Severity: Critical Alert
Entry/Exit: Bangladesh to ease COVID-19-related measures beginning May 31. International flight disruptions ongoing.
This alert affects Bangladesh
This alert began 29 May 2020 04:29 GMT and is scheduled to expire 15 Jun 2020 23:59 GMT.
- Incident: COVID-19 restrictions
- Location(s): Nationwide (map)
- Time Frame: Indefinite
- Impact: Transport and business disruptions, increased security; possible clashes
Authorities in Bangladesh plan to ease restrictions in place to control the spread of coronavirus disease (COVID-19) beginning May 31. The government will permit private businesses and shops to open, provided they follow government-issued health instructions. Workers considered vulnerable to COVID-19, employees with illnesses, and pregnant women remain exempt from working in offices. Officials will restrict the operating hours of retail outlets to 1000-1600. Workplaces must disinfect their spaces before opening, conduct temperature checks, and ensure employees wear masks and maintain a physical distance of at least 1 meter (3 feet). The government previously allowed mosques to reopen but has reduced capacity to five worshipers at a time and 10 worshipers for Friday prayers.
Public transport will also resume nationwide May 31, though with reduced services and passenger limits to maintain physical distance. Passengers on all transport must wear masks. Bangladesh Railway will only operate intercity services and plans to restrict passengers to 50 percent of train capacity. Officials have also announced that domestic flight operations will resume June 1. However, authorities are curbing air travel to routes between Dhaka, Chittagong, Sylhet, and Syedpur, where airports have already installed thermal scanners, among other recommended safety measures. Authorities plan to add additional routes as other airports in the country adopt the standards. The government plans to review the restrictions by June 15 and determine if a further relaxation or reimposition of COVID-19 measures is warranted.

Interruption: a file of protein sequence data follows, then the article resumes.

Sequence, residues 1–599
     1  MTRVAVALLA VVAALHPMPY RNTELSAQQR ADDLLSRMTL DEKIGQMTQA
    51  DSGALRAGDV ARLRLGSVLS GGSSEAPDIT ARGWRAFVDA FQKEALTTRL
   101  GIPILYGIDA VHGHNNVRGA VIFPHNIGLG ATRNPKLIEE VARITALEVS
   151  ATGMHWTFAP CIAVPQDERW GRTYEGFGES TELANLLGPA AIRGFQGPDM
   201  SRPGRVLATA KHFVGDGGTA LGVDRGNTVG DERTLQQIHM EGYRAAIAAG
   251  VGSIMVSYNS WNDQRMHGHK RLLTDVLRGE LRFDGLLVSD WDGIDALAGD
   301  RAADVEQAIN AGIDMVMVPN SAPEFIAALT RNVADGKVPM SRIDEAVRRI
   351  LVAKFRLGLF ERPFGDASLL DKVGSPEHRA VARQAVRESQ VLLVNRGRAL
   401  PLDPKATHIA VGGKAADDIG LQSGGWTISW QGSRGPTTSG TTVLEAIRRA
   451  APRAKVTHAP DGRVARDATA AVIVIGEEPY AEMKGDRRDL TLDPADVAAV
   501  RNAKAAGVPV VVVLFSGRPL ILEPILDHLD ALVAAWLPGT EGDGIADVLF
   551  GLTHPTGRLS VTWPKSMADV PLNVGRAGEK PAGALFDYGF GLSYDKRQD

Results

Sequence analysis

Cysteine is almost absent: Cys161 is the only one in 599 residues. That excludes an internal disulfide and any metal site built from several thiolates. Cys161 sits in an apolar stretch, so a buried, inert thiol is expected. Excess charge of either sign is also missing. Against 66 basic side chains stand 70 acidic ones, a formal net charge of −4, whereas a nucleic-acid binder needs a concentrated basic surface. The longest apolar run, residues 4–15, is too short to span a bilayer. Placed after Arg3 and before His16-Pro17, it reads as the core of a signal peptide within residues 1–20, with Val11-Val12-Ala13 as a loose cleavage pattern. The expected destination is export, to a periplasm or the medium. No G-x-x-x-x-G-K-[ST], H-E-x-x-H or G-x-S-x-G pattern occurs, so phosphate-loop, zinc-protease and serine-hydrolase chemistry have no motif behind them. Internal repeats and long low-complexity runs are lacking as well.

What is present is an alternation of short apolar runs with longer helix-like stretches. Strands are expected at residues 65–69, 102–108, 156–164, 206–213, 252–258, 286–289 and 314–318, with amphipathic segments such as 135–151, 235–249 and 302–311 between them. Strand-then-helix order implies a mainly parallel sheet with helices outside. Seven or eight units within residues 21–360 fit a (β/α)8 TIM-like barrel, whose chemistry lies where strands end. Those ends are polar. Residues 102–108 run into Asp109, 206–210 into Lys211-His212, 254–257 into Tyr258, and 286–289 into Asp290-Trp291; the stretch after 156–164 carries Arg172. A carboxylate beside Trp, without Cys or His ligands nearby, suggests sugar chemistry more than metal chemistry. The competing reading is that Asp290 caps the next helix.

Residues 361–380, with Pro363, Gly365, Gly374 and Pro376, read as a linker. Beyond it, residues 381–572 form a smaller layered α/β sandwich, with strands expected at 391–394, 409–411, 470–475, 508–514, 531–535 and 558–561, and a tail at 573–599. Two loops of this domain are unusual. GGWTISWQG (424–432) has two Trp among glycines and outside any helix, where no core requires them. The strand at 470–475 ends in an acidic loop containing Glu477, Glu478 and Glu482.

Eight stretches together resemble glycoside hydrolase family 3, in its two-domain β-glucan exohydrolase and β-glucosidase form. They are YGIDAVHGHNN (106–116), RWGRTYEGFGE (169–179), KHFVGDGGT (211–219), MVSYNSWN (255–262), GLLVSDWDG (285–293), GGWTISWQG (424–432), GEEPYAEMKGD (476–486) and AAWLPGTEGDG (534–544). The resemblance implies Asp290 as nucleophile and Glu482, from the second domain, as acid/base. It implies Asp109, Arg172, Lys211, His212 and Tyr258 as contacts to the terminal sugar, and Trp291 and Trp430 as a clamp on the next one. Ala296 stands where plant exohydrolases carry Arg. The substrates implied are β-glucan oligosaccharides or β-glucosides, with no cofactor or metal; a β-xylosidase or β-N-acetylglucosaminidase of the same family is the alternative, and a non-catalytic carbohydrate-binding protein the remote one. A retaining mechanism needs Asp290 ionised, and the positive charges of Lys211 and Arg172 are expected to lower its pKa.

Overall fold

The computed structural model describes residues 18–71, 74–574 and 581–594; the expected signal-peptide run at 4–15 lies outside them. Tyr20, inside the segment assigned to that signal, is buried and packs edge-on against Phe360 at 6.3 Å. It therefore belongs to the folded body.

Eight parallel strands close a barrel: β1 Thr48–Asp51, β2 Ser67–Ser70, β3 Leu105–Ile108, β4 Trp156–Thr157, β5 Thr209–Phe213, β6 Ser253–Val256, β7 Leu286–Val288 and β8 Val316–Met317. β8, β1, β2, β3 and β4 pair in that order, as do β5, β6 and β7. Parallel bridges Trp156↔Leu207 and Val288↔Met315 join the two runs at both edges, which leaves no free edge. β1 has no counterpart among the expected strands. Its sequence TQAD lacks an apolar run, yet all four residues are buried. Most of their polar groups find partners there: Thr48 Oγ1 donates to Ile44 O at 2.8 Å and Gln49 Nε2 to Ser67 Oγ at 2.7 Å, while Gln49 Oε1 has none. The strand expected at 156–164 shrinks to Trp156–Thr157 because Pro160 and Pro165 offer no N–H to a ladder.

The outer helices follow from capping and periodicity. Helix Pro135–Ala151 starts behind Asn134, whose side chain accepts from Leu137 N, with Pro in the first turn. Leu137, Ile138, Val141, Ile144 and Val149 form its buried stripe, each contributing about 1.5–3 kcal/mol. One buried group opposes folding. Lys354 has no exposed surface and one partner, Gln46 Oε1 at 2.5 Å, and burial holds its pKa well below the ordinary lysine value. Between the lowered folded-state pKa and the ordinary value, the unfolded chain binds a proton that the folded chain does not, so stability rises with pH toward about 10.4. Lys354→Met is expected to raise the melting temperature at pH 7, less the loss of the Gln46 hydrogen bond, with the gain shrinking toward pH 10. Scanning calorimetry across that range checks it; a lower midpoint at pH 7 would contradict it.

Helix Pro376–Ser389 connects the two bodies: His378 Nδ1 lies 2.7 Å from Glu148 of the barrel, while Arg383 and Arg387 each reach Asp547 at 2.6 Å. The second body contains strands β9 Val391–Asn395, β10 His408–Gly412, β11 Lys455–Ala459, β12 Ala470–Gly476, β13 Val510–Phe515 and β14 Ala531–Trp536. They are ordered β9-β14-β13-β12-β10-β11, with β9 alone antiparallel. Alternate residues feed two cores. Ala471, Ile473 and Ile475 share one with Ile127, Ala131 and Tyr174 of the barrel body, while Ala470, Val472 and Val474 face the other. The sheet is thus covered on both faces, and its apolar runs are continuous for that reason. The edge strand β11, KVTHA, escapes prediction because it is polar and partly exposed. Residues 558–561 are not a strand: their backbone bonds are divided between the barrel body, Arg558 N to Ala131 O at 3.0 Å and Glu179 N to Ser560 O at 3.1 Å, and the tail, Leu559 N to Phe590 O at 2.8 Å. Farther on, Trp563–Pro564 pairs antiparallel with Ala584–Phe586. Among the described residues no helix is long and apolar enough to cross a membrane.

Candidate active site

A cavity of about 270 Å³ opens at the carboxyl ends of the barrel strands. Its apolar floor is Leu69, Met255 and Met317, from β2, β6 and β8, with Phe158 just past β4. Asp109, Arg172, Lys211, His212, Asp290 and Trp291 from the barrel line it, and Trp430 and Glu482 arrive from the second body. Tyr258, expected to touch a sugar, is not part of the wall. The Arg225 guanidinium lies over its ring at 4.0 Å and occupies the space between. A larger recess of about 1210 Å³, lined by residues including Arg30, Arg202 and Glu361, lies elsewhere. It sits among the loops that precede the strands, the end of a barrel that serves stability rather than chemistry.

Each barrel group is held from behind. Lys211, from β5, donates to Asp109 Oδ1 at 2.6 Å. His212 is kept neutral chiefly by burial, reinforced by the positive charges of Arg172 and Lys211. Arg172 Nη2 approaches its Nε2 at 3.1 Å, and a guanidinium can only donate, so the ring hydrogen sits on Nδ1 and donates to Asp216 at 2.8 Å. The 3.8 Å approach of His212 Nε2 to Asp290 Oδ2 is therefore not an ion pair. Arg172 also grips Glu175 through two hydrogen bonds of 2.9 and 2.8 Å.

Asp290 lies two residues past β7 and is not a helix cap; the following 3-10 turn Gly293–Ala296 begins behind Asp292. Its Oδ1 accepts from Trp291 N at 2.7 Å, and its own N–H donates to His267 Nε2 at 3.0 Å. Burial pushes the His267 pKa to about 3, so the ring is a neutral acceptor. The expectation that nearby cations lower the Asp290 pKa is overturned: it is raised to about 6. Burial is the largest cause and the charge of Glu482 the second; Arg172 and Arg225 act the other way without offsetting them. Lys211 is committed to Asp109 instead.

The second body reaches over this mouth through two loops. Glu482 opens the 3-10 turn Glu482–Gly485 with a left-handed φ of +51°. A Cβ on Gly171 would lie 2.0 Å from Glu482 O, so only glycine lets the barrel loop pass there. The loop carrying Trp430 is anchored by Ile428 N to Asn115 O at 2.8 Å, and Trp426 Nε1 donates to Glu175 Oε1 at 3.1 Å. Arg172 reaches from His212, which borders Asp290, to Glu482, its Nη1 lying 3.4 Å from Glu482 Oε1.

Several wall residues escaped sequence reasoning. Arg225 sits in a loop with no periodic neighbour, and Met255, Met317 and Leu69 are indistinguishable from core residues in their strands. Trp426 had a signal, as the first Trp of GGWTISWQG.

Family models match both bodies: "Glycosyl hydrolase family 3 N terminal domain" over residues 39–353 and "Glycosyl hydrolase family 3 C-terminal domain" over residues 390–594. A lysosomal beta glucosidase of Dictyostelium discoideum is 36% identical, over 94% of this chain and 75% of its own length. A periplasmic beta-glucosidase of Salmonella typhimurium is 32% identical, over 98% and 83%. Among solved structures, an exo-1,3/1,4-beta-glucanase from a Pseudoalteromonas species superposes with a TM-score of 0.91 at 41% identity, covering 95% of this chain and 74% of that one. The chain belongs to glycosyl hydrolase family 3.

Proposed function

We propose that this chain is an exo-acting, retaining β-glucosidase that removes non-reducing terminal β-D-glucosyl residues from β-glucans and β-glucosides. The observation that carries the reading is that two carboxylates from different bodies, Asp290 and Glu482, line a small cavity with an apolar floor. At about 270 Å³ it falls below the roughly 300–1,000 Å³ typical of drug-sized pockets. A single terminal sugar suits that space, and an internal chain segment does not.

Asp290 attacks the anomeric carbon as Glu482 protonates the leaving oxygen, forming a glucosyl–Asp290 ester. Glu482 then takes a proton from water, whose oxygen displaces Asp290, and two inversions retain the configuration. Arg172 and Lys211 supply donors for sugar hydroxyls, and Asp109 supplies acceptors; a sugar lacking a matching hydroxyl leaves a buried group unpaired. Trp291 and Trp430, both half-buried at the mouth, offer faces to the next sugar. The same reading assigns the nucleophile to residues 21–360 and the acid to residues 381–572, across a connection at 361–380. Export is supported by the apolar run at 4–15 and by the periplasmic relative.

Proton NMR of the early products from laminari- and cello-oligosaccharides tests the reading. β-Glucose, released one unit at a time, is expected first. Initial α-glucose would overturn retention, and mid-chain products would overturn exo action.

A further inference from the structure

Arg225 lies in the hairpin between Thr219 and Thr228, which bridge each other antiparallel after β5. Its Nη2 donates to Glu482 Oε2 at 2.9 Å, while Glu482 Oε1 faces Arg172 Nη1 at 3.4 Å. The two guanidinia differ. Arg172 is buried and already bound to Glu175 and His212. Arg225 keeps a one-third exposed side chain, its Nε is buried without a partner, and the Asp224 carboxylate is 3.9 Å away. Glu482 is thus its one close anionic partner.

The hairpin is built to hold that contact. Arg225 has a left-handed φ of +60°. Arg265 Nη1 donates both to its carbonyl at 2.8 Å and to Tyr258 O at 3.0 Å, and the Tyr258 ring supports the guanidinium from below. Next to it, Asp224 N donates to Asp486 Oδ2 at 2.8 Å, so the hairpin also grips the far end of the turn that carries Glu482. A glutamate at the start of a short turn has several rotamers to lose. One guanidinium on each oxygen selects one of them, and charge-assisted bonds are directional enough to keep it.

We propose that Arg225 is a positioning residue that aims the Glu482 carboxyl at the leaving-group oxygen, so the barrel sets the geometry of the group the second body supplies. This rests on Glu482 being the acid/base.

Despite easing measures, the government will continue a nightly 2200-0600 curfew nationwide, and residents are to remain within their homes as much as possible. An ongoing ban on social and public gatherings and the closure of public spaces, tourist attractions, educational institutions, and entertainment venues will also continue. Violators of these restrictions could face legal sanctions.
The government will continue to restrict interdistrict movement. Further movement controls prohibiting individuals from leaving their neighborhoods for nonessential reasons remain possible. Officials previously restricted travel within districts across much of the country, including urban centers such as Dhaka, Narayanganj, Chittagong, and Cox's Bazar. Officials set up checkpoints at entrances and exits to affected areas, only allowing essential personnel to pass. Workers of garment factories and other authorized industries may enter Dhaka with permits. Authorities may impose further movement restrictions in more locations in the coming days if the number of COVID-19 cases increases.